Among a frenzied election season with typically boring races turned competitive, and a higher than average turnout for midterms, there was one constant: text messaging. Campaigns across the spectrum used textbanking to send hundreds of millions of texts to their constituents urging them to vote.
And it’s not just political campaigns, advocacy campaigns are employing it, too. Recently, the Movement for Black Lives sent out a text asking if supporters had read their new report, and the ACLU sent its members updates about an important net neutrality case.
And it’s no secret why organizations are turning to text message marketing and advocacy. Texting is far more time efficient than door-knocking, and 129 times more effective.
But it’s a relatively new tactic, having gained popularity after the Bernie Sanders team used it in 2016. People aren’t used to being bombarded with texts from candidates and advocacy organizations, and they’re feeling pretty annoyed about it.
So how can organizations wield this powerful tool without turning off would-be supporters? Here’s a few tips.
Don’t use text messaging to shame your supporters into taking an action.
This was a mistake that a lot of midterm campaigns used -- sending messages saying if you don’t vote, everyone will know, or, if you don’t vote, you don’t deserve to live in a democracy, or some other nonsense.
Instead, use it to ask your supporters questions. This will do two things: (1) engage your constituents in a back-and-forth dialogue so they don’t feel like they’re being talked at and (2) give you the information you need to persuade them into action in the future.
You can also gently remind people of events, encouraging them to invite their friends. And afterwards, send them a link to where they might find photos of events they attended. Or if they can’t make it, don’t harass them, simply send a link to where they might get a recording or view it live on social media.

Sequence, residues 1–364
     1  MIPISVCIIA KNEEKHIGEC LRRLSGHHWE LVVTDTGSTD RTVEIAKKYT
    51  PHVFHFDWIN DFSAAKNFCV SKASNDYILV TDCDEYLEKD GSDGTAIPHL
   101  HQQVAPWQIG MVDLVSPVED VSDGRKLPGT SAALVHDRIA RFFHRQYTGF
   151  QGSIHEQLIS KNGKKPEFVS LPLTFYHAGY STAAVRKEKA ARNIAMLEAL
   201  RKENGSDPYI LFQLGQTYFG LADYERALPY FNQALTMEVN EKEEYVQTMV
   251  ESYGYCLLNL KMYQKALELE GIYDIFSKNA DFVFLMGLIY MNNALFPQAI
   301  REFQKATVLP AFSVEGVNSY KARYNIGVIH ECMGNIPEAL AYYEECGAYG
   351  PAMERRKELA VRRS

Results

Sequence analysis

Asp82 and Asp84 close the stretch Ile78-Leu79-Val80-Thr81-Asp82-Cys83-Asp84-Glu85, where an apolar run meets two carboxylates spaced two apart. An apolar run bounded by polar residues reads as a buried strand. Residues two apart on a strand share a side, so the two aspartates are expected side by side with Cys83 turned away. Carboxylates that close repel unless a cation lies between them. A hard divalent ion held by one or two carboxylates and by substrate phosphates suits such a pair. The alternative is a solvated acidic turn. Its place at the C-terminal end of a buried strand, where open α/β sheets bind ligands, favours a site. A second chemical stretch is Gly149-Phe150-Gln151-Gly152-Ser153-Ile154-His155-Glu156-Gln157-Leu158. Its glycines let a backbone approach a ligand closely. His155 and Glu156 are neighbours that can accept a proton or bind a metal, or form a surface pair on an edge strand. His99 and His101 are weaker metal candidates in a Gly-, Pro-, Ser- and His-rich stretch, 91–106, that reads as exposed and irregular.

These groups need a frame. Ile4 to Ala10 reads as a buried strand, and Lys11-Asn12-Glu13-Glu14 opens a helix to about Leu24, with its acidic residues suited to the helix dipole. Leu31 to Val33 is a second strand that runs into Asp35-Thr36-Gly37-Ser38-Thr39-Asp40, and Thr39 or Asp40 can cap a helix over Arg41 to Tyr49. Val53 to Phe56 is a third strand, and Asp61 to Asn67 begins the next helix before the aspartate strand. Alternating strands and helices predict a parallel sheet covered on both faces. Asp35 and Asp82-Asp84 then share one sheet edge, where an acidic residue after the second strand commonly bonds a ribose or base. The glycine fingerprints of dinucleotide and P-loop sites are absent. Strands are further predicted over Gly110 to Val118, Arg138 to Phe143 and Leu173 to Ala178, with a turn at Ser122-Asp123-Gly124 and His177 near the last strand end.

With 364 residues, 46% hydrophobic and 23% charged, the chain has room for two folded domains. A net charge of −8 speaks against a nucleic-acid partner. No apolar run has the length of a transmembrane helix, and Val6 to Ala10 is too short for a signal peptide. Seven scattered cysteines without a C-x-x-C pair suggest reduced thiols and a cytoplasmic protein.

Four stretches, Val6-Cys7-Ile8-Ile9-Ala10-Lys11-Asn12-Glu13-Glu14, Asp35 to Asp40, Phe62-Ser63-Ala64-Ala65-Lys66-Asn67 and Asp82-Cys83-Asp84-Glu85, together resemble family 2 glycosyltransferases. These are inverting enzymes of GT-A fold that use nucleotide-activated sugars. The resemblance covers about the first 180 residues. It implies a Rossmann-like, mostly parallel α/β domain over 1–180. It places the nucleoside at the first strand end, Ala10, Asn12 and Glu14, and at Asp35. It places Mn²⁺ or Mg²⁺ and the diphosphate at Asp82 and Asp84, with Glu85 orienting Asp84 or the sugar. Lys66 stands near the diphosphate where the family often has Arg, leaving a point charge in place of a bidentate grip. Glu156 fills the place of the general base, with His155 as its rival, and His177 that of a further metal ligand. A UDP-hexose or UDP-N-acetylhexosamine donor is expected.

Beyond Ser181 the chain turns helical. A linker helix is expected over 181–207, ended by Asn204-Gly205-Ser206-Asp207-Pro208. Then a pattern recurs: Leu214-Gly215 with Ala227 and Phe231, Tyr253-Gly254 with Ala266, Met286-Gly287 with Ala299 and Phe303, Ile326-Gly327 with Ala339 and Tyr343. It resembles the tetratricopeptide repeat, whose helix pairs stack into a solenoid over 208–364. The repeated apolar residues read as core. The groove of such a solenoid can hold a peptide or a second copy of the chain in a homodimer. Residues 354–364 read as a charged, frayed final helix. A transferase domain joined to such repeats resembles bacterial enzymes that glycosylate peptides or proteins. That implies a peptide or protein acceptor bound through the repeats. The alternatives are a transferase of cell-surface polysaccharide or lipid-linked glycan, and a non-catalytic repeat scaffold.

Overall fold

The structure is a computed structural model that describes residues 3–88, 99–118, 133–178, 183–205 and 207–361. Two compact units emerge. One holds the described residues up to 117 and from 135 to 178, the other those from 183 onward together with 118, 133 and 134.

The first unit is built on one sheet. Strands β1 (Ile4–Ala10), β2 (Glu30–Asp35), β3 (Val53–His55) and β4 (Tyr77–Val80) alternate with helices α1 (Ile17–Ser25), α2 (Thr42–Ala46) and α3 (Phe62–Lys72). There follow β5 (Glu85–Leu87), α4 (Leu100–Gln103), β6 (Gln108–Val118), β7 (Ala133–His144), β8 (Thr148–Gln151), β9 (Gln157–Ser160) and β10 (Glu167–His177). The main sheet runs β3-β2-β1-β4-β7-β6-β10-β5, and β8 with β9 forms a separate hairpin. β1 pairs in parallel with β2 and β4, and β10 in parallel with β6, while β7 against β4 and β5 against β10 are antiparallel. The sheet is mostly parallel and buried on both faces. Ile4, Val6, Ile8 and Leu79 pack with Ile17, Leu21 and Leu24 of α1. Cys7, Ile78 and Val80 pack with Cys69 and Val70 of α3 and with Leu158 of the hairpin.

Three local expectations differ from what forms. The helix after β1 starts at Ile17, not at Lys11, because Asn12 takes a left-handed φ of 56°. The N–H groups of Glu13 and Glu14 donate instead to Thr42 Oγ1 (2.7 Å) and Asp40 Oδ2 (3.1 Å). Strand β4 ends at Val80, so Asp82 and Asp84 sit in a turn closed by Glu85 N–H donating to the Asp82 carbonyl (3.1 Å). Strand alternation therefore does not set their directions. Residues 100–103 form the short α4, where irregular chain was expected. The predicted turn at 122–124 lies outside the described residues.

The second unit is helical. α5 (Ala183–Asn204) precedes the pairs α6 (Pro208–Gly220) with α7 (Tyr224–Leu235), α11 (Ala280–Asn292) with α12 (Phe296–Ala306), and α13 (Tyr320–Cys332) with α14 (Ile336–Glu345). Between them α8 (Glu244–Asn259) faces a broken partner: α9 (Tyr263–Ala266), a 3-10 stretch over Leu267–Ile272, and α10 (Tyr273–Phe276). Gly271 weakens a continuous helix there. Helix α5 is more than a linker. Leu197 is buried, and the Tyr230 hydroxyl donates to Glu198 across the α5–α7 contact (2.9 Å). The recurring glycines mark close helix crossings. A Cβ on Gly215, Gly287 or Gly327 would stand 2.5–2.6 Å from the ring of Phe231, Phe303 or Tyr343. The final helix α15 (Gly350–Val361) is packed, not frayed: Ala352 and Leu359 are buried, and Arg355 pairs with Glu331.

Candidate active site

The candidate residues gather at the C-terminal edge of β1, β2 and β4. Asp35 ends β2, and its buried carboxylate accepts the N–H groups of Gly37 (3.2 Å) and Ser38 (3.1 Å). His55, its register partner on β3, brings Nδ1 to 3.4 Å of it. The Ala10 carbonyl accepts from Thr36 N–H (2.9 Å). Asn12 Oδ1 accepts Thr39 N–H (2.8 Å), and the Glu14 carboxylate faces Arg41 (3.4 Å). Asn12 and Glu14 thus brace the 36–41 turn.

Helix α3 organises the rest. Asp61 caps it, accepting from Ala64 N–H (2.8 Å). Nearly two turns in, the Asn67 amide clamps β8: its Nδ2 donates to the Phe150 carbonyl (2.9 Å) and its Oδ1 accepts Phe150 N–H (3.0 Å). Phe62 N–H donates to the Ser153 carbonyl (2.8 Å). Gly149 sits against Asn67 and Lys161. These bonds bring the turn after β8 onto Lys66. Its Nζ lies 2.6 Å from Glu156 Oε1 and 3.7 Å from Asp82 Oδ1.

Don’t expect a call-to-action blitz to turn out results from folks you’ve never reached out to before.
One of the more attractive things about text message marketing is you can reach out to new people -- those without landlines, or whose neighborhoods are difficult to get to. Typically, campaigns didn’t see these communities as worth the cost of reaching out. But that’s the wrong way to look at potential supporters.
Instead, work on building a relationship with new targets. It may be something as simple as sending out a “Happy Thanksgiving!” text before you start asking them for donations during the holiday season.
But it also means you need to research these constituents -- find out what issues they care about, and connect with them through that, rather than using a firehose approach and crossing your fingers that they’ll be interested.
And if these new people respond negatively, or ask to be taken off of your list, take them off. There aren’t official rules yet for campaign text message marketing that you have to give people an opt-out option, but bad phone numbers are just dead weight, and it could turn an uninterested person into an active opponent.
Don’t contact people only when you want something.
Text messaging is more personal than getting a mailer, or seeing a YouTube ad. In this way, you want to create a reciprocal relationship. If you’re doing issue advocacy, try sending out “breaking news” texts, informing people of both the setbacks and successes of your work, without immediately asking for something in return. Thank them if you’ve hit a fundraising goal.
All of these texts can be linked to articles or press releases back on your website, bringing more traffic there and possibly turning someone on your text list into a newsletter subscribe or a first-time donor.
The basic rule to remember here is that text messaging is a more personal platform than other forms of digital marketing, so try to connect with people on a human level, just as you would if you were organizing or advocating face-to-face. As the quantity of text message marketing campaigns increases, you’ll stand out in a good way if your quality of outreach keeps up, too.